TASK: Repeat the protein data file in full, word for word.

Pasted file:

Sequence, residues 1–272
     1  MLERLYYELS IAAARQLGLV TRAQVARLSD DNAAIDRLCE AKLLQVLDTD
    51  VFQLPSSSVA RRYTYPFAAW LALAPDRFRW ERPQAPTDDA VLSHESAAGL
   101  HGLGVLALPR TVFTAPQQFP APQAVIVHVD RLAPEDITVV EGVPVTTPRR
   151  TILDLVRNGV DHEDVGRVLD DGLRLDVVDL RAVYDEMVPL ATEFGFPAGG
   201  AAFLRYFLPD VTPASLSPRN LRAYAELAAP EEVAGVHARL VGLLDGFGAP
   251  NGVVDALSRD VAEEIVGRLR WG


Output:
Sequence, residues 1–272
     1  MLERLYYELS IAAARQLGLV TRAQVARLSD DNAAIDRLCE AKLLQVLDTD
    51  VFQLPSSSVA RRYTYPFAAW LALAPDRFRW ERPQAPTDDA VLSHESAAGL
   101  HGLGVLALPR TVFTAPQQFP APQAVIVHVD RLAPEDITVV EGVPVTTPRR
   151  TILDLVRNGV DHEDVGRVLD DGLRLDVVDL RAVYDEMVPL ATEFGFPAGG
   201  AAFLRYFLPD VTPASLSPRN LRAYAELAAP EEVAGVHARL VGLLDGFGAP
   251  NGVVDALSRD VAEEIVGRLR WG